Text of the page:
Sunday, 22 January 2017
Estonia lost a class act today. Veljo Tormis was an Estonian composer who was deeply in tune with his country’s vital tradition of choral singing and ancient folk culture. He was born in Kuusalu in 1930 and studied in the Tallinn and later Moscow Conservatories before going into teaching. (Arvo Pärt was among his students). During his career Veljo Tormis produced over 500 individual choral songs. Tormis was internationally regarded as one of the greatest choral music writers, and one of the most important composers of the 20th century in Estonia.
Many of Tormis’ works are written for choirs and based on an ancient form of Estonian folk song called regilaul. He once said: “National music can also convey religious feelings; it often represents pre-Christian forms of spirituality, which should also be important and meaningful in our integrating world. Old Estonian runo songs certainly communicate the nature worship and rituals of prehistoric times.”
'Forgotten Peoples' is one of his most famous works.
For those unfamiliar with the work Veljo Tormis, here is some additional background information. Veljo Tormis - Biography
Tonight spruces across Estonia will be set ablaze in the annual Winter Lights Festival. This is a long standing tradition where old Christmas trees and other sculptures made from spruce and straw spectacularly light up the night sky. This year there will be a Guinness World Record attempt and people are encouraged to share their photos on Facebook. Many parades are due to take place at multiple venues from 6 pm.
For more information (in Estonian) click here: Pühapäeval toimub Tallinnas talvine valgusfestival
Friday, 20 January 2017
Both Enefit Kaevandused, the mining subsidiary of state-owned energy group Eesti Energia, and VKG Kaevandused, the mining subsidiary of shale oil and chemicals producer VKG, are planning on increasing output this year.
The Estonia mine has switched over to a seven-day workweek, which means that mining is now underway there 24/7. On Thursday, journalists were given an overview of the longwall mining technology which will allow the company to reduce mining costs, reported ETV news broadcast "Aktuaalne kaamera."
Ahti Puur, chairman of the board at Enefit Kaevandused, explained that the new technology would allow for a one-third reduction in the number of employees working a mine compared to previous technology. As output has increased, however, the increase in mining efficiency has not meant a reduction in the number of jobs.
"We believe we will stick with the current workforce at Enefit Kaevandus, which is approximately 2,300 employees," said Eesti Energia board member Andres Vainola. "If we compare with the most difficult period, i.e. during 2015, when we laid off nearly 350 people in the mines, then we have hired just under 100 to replace them yet have achieved pre-market decline production capacities. We do not currently plan on hiring more employees, however no layoffs are planned either."
As a listed company, Eesti Energia will publish the mining volumes of its mines in its annual report at the end of February. According to Vainola, however, last year’s mining values were approximately 10 percent greater than in the year before. In 2015, the company mined 15.5 million tons of commercial oil shale.
VKG’s Ojamaa mine is switching over to a six-day workweek as they are seeking to increase output from last year’s 2.3 million tons of commercial oil shale to 3.9 million tons this year.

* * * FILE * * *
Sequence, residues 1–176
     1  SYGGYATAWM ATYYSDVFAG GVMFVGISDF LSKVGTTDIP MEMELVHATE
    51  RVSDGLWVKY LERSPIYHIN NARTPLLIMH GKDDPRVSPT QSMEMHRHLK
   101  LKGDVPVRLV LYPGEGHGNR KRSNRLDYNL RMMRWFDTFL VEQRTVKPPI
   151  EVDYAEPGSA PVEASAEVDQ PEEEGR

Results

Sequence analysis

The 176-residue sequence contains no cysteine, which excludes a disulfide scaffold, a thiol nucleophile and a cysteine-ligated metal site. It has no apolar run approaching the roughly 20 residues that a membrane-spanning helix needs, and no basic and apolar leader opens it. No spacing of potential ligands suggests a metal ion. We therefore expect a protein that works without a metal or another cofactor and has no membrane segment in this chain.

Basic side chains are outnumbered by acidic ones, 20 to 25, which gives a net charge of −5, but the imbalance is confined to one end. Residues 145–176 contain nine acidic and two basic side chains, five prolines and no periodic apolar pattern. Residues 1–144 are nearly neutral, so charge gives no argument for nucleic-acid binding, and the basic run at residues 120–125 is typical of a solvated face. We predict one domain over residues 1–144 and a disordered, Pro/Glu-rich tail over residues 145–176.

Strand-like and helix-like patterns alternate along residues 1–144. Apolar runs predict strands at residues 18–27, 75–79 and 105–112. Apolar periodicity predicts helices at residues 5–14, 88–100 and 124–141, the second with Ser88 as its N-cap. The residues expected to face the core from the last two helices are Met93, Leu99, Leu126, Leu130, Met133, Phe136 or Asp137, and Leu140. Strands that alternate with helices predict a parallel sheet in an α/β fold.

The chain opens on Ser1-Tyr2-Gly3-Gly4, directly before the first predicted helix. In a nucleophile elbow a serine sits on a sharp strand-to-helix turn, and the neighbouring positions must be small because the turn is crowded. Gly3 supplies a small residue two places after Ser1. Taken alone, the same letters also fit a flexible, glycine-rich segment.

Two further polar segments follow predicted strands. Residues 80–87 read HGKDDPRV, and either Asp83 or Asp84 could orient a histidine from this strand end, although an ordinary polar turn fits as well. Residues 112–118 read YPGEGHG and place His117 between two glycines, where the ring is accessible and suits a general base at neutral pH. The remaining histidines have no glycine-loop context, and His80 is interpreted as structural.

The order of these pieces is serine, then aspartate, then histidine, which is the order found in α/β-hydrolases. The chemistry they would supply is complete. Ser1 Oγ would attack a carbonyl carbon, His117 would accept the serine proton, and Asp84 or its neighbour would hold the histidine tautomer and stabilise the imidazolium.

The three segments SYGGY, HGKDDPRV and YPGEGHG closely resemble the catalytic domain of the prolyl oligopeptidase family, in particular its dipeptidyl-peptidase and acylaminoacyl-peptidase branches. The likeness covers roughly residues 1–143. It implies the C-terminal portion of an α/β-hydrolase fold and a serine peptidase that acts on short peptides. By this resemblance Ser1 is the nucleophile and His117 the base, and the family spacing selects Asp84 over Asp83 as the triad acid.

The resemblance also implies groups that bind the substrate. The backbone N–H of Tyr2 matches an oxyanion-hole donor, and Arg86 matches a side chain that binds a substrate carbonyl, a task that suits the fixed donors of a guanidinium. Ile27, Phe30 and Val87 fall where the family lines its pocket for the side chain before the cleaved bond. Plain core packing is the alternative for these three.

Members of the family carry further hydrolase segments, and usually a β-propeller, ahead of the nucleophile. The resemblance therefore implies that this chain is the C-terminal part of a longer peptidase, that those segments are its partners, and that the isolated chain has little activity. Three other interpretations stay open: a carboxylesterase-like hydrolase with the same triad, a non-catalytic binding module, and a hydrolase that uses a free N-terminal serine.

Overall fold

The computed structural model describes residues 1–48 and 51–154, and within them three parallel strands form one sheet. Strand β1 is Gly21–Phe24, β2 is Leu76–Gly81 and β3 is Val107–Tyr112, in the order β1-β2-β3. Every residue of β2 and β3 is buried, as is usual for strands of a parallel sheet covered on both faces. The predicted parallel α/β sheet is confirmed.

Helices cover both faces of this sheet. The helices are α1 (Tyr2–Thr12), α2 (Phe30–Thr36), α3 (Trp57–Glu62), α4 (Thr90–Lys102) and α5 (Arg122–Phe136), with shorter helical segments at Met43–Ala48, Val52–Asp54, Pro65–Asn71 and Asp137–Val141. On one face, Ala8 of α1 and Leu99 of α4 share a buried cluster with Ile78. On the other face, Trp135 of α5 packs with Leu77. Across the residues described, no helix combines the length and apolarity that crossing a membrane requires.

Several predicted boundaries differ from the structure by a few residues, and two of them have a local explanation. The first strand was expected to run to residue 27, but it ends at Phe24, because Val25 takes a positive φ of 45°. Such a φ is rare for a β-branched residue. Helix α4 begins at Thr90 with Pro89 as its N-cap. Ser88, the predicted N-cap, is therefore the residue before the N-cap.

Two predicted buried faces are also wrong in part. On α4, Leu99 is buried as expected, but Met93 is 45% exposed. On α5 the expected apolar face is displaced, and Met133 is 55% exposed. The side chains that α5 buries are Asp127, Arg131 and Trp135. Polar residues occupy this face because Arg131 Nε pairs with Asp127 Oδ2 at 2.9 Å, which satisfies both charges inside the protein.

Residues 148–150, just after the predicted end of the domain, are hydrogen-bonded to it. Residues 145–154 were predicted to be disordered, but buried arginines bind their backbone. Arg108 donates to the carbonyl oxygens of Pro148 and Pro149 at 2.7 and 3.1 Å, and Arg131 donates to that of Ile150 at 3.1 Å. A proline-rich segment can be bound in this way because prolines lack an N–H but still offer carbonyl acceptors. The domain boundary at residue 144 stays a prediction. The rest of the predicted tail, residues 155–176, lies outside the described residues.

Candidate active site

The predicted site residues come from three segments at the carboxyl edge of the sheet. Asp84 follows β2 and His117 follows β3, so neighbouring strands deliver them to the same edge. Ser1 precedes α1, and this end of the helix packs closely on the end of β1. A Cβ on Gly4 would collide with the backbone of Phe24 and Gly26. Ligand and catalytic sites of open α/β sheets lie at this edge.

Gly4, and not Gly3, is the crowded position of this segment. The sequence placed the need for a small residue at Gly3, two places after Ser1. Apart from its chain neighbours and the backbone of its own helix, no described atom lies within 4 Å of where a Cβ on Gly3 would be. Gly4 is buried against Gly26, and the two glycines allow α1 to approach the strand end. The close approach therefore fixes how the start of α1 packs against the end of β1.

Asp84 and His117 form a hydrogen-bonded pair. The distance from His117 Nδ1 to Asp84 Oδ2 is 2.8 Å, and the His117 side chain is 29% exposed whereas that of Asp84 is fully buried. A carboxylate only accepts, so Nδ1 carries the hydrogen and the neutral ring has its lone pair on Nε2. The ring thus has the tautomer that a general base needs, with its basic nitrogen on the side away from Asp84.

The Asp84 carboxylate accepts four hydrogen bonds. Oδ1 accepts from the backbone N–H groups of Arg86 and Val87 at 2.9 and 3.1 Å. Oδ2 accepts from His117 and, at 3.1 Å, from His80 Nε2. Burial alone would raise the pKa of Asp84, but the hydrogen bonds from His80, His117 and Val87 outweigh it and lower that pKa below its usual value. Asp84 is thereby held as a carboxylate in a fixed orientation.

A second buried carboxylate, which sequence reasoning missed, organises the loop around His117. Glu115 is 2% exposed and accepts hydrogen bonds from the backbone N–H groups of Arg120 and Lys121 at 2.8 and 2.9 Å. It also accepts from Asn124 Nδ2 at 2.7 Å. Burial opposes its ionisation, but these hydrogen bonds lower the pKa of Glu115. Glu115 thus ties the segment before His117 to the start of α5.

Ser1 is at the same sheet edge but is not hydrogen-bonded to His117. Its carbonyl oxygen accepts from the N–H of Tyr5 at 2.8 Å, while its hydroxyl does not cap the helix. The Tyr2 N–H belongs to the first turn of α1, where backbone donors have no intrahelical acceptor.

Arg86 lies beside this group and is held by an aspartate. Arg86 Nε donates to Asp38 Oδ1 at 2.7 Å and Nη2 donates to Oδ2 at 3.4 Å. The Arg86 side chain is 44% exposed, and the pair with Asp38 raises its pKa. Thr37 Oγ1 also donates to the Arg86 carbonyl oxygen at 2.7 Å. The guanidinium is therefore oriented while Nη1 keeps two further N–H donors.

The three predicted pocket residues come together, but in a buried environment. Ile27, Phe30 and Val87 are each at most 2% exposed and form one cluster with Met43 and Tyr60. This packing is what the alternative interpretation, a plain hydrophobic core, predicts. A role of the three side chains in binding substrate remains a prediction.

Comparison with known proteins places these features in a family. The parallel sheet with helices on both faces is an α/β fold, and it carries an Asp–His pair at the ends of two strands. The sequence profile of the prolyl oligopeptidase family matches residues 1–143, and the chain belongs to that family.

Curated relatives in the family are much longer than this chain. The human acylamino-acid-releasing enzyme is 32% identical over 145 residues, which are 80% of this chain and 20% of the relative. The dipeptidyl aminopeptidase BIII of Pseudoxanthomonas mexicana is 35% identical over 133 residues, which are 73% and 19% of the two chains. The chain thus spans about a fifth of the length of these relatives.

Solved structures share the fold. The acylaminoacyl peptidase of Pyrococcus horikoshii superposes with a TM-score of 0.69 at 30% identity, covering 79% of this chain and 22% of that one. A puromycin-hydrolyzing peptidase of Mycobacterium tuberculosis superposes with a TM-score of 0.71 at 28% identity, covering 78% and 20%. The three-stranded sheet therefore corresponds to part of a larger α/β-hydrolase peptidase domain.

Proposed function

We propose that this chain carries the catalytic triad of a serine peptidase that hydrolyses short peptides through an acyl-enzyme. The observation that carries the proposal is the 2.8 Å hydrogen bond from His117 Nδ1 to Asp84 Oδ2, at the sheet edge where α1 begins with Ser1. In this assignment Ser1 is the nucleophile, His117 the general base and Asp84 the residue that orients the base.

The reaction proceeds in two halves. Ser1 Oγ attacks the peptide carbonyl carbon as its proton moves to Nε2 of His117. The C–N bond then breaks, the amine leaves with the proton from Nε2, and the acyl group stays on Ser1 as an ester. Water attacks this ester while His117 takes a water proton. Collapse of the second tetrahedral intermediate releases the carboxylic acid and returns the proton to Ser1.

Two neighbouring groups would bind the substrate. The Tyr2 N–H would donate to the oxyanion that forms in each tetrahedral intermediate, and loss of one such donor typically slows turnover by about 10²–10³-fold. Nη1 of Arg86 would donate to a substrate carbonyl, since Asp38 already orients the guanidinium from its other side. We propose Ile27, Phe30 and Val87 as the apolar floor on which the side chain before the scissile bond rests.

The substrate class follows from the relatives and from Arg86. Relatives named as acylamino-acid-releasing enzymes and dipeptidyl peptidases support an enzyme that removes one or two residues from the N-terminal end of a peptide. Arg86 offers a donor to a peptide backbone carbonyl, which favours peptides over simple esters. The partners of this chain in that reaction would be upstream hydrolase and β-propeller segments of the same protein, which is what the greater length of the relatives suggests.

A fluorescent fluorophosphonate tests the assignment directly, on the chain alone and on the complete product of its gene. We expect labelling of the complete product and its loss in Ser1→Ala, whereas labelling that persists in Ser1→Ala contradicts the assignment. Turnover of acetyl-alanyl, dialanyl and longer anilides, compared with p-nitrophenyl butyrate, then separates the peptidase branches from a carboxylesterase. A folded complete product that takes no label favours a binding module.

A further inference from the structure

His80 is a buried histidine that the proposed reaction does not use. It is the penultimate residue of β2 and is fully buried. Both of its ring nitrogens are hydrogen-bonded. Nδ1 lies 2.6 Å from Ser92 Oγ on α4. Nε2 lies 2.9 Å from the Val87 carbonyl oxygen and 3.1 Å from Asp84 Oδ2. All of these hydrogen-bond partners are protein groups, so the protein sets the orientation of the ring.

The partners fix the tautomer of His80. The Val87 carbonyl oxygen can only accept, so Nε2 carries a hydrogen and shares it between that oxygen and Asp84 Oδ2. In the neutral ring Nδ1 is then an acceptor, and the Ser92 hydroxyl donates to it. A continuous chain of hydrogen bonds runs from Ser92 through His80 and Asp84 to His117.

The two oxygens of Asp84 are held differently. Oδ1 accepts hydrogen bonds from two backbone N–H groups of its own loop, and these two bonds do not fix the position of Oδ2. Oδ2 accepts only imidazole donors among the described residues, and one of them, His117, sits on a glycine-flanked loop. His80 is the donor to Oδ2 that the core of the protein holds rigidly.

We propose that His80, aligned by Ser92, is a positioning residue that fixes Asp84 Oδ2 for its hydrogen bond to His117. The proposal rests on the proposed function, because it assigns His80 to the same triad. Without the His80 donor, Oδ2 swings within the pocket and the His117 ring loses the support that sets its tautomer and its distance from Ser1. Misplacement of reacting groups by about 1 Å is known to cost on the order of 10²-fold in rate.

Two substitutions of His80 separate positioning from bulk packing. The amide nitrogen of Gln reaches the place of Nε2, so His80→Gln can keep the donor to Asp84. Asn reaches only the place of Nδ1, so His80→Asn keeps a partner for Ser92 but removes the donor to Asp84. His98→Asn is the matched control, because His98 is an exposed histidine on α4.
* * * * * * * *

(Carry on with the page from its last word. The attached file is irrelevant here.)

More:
A total of 500 people currently work at the Ojamaa mine, but the increase in production volume will allow for them to hire an additional 35 employees in February. The company hopes to create a total of 65 new jobs at the mine this year.
"We have never had so many employees working at the mine and we are indeed increasing our output," noted VKG board chairman Ahti Asmann. "When we reopened Kiviter, then it was largely those we had been forced to lay off that came to work [there], but there are also new people involved and more young people are entering the sector as well."
Tuesday, 17 January 2017
Monday, 16 January 2017
Estonia has achieved an excellent result in the 2016 Global Sustainable Competitiveness Index conducted by SolAbility. Now ranked 11th in the world Estonia follows closely behind its Scandinavian neighbours who top the list.
The Global Sustainable Competitiveness Index (GSCI) aims to evaluate the ability to sustain wealth creation. It is based on a competitiveness model that incorporates all pillars of sustained growth and wealth creation: natural capital availability; national governance (the framework in which all players operation - the outcomes of policy directions and investments, e.g. the availability of infrastructure); intellectual capital (innovation and business capabilities); resource efficiency, and social cohesion. The Sustainable Competitiveness Index also integrates data trends over time to allow for a better expression of future development potential.
Based on these factors each country is given a score out of 100. This year Estonia achieved 11th place with a score of 53.6 while Sweden topped the list with a score of 60.9.
Scandinavian countries dominated the top spots.
To read more about the report, please click here: Global Sustainable Competiveness Ranking 2016
Friday, 13 January 2017
An Estonian design team have come up with a new brand for Estonia. The concept is based on three adjectives: open, smart, and active, characteristics illustrating both the nature of the country and its people.
Estonia is known mostly for its digital ambition but there’s a lot more to discover about this beautiful country. To read the overview of the new branding concept, please click here: Estonia: A land of independent minds
Watch 'Brand Estonia' here: https://vimeo.com/197890298